mon 13/07/2020

A House Through Time, Series 3, BBC Two review - Bristol under the microscope | reviews, news & interviews

A House Through Time, Series 3, BBC Two review - Bristol under the microscope

A House Through Time, Series 3, BBC Two review - Bristol under the microscope

Slavery, piracy and satire at No 10, Guinea Street

Due diligence: historian David Olusoga

David Olusoga’s A House Through Time concept (BBC Two) has proved a popular hit, using a specific property as a keyhole through which to observe historical and social changes. After previously picking sites in Liverpool and Newcastle, this time he’s chosen Bristol, the city where he has lived for over 20 years.

Among Olusoga’s particular interests as a historian are the British empire, race and slavery, so it was no great surprise to find him homing on on Bristol’s links with the slave trade. His chosen house was built in 1718 by Captain Edmund Saunders, who trafficked slaves from Guinea on Africa’s west coast to the Caribbean. Hence the building’s address in Guinea Street.

Dripping with his ill-gotten wealth, Saunders built three houses and lived in Number 11, though 10 is the only one still standing, and this was occupied by another slaving captain, Joseph Smith. The diligent historian’s trawl through the Slave Voyages database found a reference to Smith buying 276 “human beings” in Nigeria for transatlantic shipment, a fragment of an eventful career in which his ship the Hambleton was captured and plundered twice by the same pirates. Encountering one of the pirates back in Bristol, Smith turned him in to the authorities (which Olusoga seemed to think was rather churlish of him), though an 11th-hour pardon spared him a hanging.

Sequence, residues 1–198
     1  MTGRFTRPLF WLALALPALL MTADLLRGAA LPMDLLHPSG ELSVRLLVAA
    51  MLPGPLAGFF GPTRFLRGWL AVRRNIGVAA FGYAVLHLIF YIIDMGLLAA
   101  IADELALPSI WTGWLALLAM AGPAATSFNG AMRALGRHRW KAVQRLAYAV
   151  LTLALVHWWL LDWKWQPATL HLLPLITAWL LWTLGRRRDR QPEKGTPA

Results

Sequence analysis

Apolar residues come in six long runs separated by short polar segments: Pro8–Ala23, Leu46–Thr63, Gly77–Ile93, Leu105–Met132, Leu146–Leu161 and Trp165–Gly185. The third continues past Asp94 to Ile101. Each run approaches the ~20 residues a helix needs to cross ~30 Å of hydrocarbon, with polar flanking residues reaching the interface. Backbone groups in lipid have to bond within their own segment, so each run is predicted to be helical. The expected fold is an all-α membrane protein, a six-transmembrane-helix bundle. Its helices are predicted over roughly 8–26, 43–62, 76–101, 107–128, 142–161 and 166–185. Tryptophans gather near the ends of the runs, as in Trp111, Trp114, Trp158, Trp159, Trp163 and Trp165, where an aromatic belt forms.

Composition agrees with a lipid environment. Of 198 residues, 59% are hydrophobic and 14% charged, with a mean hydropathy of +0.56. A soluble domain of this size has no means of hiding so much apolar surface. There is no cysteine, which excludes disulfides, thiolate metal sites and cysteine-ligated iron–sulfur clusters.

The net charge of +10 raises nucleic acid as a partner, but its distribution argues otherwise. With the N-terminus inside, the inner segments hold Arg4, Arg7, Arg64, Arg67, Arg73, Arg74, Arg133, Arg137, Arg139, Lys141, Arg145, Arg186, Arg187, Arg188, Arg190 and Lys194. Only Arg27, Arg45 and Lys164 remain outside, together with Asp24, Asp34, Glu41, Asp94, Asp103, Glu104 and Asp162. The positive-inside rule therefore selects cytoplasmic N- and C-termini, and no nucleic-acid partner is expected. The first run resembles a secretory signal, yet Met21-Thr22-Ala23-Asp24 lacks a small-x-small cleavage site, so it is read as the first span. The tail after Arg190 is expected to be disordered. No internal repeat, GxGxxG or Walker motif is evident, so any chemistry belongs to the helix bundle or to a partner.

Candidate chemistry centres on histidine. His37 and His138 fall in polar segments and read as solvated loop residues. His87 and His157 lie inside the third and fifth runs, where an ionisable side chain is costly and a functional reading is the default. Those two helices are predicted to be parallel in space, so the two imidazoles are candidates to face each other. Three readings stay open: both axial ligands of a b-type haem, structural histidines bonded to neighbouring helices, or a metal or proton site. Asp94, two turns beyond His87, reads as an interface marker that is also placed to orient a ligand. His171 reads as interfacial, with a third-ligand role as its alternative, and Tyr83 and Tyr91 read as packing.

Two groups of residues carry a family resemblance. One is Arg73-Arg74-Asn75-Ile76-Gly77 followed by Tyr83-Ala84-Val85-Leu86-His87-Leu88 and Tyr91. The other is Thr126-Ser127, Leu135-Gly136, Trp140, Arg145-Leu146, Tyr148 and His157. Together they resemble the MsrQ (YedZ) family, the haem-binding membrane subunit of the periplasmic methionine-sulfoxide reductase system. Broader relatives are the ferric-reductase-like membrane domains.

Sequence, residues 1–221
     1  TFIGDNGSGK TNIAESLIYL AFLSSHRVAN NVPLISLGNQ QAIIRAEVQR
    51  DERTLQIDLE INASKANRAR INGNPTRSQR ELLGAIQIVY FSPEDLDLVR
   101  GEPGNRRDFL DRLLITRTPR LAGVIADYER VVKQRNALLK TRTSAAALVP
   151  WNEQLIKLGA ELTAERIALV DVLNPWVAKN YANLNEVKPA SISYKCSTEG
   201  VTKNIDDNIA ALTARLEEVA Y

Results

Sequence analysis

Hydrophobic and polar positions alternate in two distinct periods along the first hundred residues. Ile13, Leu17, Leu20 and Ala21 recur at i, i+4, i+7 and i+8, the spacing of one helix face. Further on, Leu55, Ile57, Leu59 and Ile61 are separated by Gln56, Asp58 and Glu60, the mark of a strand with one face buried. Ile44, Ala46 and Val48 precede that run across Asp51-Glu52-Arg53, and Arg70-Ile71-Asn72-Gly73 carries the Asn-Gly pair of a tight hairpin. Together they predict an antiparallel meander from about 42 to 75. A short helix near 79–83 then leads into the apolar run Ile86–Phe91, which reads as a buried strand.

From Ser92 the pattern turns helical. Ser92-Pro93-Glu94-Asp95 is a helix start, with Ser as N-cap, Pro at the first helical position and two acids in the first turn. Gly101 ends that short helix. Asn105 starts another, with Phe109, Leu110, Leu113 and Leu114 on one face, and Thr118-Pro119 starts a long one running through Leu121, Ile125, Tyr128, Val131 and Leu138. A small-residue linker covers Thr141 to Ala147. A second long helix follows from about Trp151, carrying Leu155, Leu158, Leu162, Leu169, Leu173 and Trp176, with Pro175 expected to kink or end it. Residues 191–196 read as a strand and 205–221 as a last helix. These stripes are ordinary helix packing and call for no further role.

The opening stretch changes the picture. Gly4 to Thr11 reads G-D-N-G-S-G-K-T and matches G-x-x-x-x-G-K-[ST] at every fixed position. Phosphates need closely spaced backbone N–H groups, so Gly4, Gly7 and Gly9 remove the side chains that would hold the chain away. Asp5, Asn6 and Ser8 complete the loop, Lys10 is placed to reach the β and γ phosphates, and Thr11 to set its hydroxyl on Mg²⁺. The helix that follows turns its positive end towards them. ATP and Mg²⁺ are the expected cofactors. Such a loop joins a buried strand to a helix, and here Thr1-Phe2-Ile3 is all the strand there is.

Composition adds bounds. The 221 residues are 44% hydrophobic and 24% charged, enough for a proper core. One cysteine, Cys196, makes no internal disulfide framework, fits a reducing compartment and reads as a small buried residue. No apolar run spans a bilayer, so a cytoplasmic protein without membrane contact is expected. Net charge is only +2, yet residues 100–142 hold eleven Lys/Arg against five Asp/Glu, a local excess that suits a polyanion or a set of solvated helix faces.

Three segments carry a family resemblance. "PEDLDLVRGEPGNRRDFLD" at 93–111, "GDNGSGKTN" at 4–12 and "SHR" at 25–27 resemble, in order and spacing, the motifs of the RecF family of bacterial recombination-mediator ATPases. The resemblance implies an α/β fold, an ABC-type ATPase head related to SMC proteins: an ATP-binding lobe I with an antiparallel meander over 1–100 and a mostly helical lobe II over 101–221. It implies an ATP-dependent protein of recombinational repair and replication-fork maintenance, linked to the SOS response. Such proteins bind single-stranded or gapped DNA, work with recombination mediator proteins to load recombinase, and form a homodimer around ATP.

The house was a smart choice. Another highlight of its career was a spell of occupation by the political writer Dr John Shebbeare, who had the distinction of being satirised in a Hogarth drawing (this promoted Olusoga to pop in on Ian Hislop at Private Eye for a digression on political satire). The discovery of documents from the 1750s recording how a Jamaican man named Thomas ran away from the house gave Olusoga the chance to expatiate on the then-current fashion for keeping black servants “as fashion accessories”. Thomas’s owner was sugar trader Joseph Holbrook, whose wealth, we were sombrely reminded, was built “on the backs of enslaved Africans”.

After Holbrook’s death, anti-slavery campaigner John Wesley built a new Methodist chapel in Guinea Street. Olusoga surmised that Holbrook’s widow Hester must therefore have been forced to confront her morally-tainted fortune, though any evidence of this was not forthcoming. He’s a fine presenter with a gift for treating history with an accessible touch, but let’s hope Bristol’s sinister slaving past isn’t going to overshadow this entire series.

Olusoga popped in on Ian Hislop at 'Private Eye' for a digression on political satire

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